• The use of antibiotics and growth hormones. Among these hormones, a failed asthma drug named ractopamine (currently banned in 160 countries) would be used on animals in order to promote growth.
  • Less restriction on GM food. Genetically modified foods are uncommon in the EU, as opposed to the US where 70% of processed food contains GM ingredients. In the EU, any new GM trait must undergo testing and approval, but the US would push this approval process so that multiple GM traits would be approved at any one time. This would mean faster approval of GM ingredients being used in animal feed. We still don’t know the long-term health effects of GM food.
  • No food labelling. The consumer would no longer be able to make an informed choice about what they eat. GM foods and ingredients would not be included on labels, nor would animal cloning, production information or country of origin.  
  • Using animal by-products in animal feed and pet food. These were restricted in the EU after being linked to outbreaks of mad cow disease, swine flu and foot and mouth disease.
  • The lowering of animal welfare standards. The EU has regulations in place to protect different species of animals at different stages of the production process. The US on the other hand, only has laws regarding livestock slaughter and no federal legislation regarding the welfare of animals. The 2013 pig housing regulation in the EU would be targeted if TTIP goes ahead.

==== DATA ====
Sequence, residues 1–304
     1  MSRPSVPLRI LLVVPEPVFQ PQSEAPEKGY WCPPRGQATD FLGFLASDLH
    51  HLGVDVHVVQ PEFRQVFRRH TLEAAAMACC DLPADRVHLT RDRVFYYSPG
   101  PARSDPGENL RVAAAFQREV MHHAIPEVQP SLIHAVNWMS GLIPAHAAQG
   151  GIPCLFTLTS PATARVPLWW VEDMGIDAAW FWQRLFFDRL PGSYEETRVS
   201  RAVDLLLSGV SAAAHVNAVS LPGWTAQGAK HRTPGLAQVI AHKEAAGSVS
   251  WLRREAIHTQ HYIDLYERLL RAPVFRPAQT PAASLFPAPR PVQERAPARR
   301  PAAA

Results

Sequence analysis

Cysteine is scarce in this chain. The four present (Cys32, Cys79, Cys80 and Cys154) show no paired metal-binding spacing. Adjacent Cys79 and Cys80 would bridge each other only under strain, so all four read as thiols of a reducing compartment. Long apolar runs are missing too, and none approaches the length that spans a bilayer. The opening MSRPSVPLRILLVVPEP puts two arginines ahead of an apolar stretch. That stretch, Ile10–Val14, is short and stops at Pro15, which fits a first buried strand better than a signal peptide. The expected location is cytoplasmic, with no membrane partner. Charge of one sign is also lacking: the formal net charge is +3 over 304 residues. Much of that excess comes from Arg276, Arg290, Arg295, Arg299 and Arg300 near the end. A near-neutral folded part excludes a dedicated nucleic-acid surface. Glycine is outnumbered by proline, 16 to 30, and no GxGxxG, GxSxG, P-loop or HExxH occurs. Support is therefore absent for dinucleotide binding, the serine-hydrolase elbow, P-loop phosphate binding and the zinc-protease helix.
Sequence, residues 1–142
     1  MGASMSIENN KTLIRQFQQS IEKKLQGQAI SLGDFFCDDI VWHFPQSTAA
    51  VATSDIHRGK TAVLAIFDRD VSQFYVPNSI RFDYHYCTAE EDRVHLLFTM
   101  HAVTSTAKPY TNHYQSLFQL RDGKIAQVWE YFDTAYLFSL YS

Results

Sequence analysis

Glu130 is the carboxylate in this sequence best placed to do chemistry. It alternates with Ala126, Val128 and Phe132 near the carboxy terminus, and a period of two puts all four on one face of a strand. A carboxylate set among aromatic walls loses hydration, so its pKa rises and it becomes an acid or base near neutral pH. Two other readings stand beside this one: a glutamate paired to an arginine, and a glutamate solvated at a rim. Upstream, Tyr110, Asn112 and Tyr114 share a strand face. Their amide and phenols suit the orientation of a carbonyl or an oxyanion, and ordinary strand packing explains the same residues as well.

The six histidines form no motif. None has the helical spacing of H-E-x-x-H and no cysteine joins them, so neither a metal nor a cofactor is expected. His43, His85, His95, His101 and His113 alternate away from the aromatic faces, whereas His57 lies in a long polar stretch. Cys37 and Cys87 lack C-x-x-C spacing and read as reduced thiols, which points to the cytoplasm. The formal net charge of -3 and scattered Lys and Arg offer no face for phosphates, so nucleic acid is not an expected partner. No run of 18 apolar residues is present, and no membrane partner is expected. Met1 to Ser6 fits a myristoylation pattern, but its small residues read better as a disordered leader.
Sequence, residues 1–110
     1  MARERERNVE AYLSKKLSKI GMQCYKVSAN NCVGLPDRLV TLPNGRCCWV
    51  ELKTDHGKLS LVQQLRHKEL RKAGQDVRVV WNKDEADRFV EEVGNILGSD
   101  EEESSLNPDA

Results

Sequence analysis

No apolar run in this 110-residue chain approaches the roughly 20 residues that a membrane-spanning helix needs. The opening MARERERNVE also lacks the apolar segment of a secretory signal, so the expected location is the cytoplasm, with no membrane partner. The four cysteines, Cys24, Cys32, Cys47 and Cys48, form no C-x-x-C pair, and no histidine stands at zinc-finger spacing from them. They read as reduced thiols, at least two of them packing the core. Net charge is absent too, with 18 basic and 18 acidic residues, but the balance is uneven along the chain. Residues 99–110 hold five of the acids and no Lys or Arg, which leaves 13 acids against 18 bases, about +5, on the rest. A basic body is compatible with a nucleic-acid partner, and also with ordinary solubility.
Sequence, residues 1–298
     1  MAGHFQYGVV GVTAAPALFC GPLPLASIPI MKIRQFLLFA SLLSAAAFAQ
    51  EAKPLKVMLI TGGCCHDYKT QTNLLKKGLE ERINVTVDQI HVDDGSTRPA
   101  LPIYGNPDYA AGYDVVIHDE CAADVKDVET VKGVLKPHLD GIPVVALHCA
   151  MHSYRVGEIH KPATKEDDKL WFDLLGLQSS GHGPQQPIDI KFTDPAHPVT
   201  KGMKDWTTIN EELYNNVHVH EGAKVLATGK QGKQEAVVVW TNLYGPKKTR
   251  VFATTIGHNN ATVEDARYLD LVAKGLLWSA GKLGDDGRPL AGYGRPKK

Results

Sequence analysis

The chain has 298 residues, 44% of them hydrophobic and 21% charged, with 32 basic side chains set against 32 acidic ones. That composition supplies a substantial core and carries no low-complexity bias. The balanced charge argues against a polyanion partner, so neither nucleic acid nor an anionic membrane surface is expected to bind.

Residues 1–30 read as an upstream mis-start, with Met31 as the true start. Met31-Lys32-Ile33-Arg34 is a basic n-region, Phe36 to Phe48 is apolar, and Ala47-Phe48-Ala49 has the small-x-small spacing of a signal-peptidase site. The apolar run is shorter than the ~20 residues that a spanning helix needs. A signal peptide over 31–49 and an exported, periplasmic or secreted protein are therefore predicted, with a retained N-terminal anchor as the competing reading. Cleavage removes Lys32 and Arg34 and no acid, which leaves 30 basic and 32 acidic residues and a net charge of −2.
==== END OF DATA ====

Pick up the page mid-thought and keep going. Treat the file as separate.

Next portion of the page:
What can you do to stop TTIP?

Make an effort to engage people with the very real threats posed by TTIP. Sooner or later TTIP will affect everyone. The more people who understand the implications of the trade agreements, the more public outcry there will be. Our government needs to know that we as a people object to the degradation of our democracy, where the interests of corporations trump the interests of the people.

  • Spread the word on social media. It’s imperative that we all utilise the power of the Internet and end the silence on TTIP. Use the hashtag #stopTTIP. Like, share and tweet.

You can share this useful and informative 4-minute video on TTIP, which covers the main issues – https://www.youtube.com/watch?v=Y4OQeekSD6s.

Sign the petition! Keep up the momentum. Over 3 million people have already signed – https://stop-ttip.org.

  • Get involved! In October 2015, an estimated 250,000 people marched in Berlin to oppose TTIP, gaining worldwide press coverage and media attention. Whether it be an event to raise awareness or a protest, we need to come together to stop TTIP.

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Footnotes:

[1] Institute for Agriculture and Trade Policy (2014) 10 Reasons TTIP is bad for good food and farming

[2] Compassion in World Farming (2014) TTIP: A Recipe for Disaster

[3] Friends of the Earth Europe (2015) A Rotten Deal: Why TTIP threatens EU food safety standards for poultry

[4] Friends of the Earth Europe (2015) How TTIP undermines food safety and animal welfare

[5] Global Justice Now TTIP is a threat to democracy, standards and jobs